The strategy kicked off yesterday when Clegg arrived at his party’s annual conference in Bournemouth echoing Barack Obama’s mantra that he was offering "change for real". However, the atmosphere in Bournemouth presents Clegg with the same problem Tony Blair endured from 1994 till 1997: how much change will the party take before they turn against him? Blair never reached a breaking point until well into his third term in Downing Street. Clegg will enjoy no such luxury.

With activists about to be asked this week to approve abandoning their commitment to scrapping university tuition fees, alongside other severe cost-cutting measures that will hit the LibDems’ progressive credentials, there is unease in Bournemouth that has turned Clegg’s leadership speech later this week into a potential make-or-break performance.

But in a theme the grassroots will hear again and again over the next four days, Clegg offered the caveat that:"We need to treat people like grown-ups. We need to be realistic. We need to be certain we can afford it before we make promises."

Although Clegg remains a relatively unknown factor for the electorate, pollsters say that when he is given centre stage he is capable of wooing voters.

Private polling by the LibDems has told them Clegg is capable of securing the balance of power, but only if he succeeds in breaking free from his current low level of political recognition.

Party sources have admitted there is an "urgency and determination" to ensure Clegg is the "unexpected success" if Gordon Brown abandons his current "under-consideration" stance and agrees to a televised leaders’ debate during a general election campaign.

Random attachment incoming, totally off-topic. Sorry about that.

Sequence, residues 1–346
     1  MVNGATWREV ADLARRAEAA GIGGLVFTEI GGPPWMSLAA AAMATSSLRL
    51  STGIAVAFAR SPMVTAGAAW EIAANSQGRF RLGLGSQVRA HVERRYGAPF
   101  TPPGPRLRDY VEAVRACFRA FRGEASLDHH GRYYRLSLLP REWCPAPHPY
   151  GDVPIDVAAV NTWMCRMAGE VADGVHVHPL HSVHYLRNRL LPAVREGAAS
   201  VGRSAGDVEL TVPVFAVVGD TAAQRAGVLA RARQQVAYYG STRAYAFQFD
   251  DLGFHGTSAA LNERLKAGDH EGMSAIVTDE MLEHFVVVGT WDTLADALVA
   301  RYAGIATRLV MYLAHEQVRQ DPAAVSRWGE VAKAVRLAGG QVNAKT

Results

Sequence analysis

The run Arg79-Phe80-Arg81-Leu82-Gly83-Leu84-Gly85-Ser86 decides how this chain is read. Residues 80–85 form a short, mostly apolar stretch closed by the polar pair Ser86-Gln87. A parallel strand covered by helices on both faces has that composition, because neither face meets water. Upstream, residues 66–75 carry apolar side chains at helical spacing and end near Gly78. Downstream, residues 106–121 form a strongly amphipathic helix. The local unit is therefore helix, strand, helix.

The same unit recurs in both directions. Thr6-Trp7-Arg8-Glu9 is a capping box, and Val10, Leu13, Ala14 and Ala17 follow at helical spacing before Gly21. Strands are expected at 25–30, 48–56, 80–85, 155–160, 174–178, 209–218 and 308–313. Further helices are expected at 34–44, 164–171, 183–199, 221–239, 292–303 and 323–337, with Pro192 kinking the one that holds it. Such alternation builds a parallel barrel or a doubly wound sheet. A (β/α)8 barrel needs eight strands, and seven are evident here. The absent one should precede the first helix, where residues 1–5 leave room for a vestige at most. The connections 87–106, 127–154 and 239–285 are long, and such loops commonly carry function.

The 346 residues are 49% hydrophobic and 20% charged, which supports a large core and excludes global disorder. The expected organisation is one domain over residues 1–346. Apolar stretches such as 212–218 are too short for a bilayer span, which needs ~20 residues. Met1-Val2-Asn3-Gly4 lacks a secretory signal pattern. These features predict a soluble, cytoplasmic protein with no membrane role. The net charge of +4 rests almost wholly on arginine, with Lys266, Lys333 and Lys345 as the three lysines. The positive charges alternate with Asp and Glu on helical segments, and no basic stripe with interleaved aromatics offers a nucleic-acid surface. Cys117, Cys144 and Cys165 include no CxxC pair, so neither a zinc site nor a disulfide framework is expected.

Clegg is regarded by LibDem strategists as telegenic and articulate and, when up against Brown or David Cameron, is capable of securing the vote of the undecideds.

Clegg is privately hoping a degree of realism will help boost his party’s chances at the election and is already on record as saying that anything Brown touches will "turn to dust" and that the Tories are almost certain to be in Number 10 by the summer.

The dismissal of Labour’s chances is being seen as a warning to those inside the LibDems who believe a deal should be cut on electoral reform. Clegg wants no part of any deal which has a reform vote taking place on the same day as the election, a situation he believes would set the issue back 20 years because it would be lost.

With Brown finally admitting Labour would have to cut public spending, and the Tories remaining committed to cutting spending faster than Labour, the LibDems cannot afford to be squeezed out of the spending argument due to dominate election issues.

Clegg said he is offering voters "change for real" at the election, as against a Labour government which he said had run out of road, and the Conservatives whom he branded "fake and phoney".

However, the conference in Bournemouth is not forecast to be an exercise in cheer-leading for Clegg. He has already upset the more socialist-leaning wing of party activists by claiming that "savage" cuts in spending may be needed to bring down the current £175 billion deficit.

Clegg is expected to offer more detail after hinting there should be a long-term freeze on public-sector pay, that public-sector pensions will have to be scaled back, and that the withdrawal of tax credits from the middle classes, plus an end to universal child benefit, may need to be addressed.

He said: "In some cases we will be quite bold, or even savage, on current spending, precisely to be able to retain spending where you need it."